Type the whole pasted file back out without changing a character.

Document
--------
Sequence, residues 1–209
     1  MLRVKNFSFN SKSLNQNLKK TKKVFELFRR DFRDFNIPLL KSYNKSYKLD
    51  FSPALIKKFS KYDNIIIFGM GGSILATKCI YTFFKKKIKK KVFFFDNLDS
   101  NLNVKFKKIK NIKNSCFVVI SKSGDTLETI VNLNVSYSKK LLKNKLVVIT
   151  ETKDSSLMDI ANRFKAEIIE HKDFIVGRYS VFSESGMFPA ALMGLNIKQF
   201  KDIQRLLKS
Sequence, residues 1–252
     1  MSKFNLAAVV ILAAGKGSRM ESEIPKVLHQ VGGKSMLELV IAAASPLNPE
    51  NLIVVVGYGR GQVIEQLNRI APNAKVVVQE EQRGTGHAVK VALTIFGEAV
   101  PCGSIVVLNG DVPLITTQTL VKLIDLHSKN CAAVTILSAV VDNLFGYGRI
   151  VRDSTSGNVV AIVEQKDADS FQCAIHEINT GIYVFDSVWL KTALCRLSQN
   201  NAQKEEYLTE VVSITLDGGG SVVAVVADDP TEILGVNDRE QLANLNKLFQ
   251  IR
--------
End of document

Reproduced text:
Sequence, residues 1–209
     1  MLRVKNFSFN SKSLNQNLKK TKKVFELFRR DFRDFNIPLL KSYNKSYKLD
    51  FSPALIKKFS KYDNIIIFGM GGSILATKCI YTFFKKKIKK KVFFFDNLDS
   101  NLNVKFKKIK NIKNSCFVVI SKSGDTLETI VNLNVSYSKK LLKNKLVVIT
   151  ETKDSSLMDI ANRFKAEIIE HKDFIVGRYS VFSESGMFPA ALMGLNIKQF
   201  KDIQRLLKS
Sequence, residues 1–252
     1  MSKFNLAAVV ILAAGKGSRM ESEIPKVLHQ VGGKSMLELV IAAASPLNPE
    51  NLIVVVGYGR GQVIEQLNRI APNAKVVVQE EQRGTGHAVK VALTIFGEAV
   101  PCGSIVVLNG DVPLITTQTL VKLIDLHSKN CAAVTILSAV VDNLFGYGRI
   151  VRDSTSGNVV AIVEQKDADS FQCAIHEINT GIYVFDSVWL KTALCRLSQN
   201  NAQKEEYLTE VVSITLDGGG SVVAVVADDP TEILGVNDRE QLANLNKLFQ
   251  IR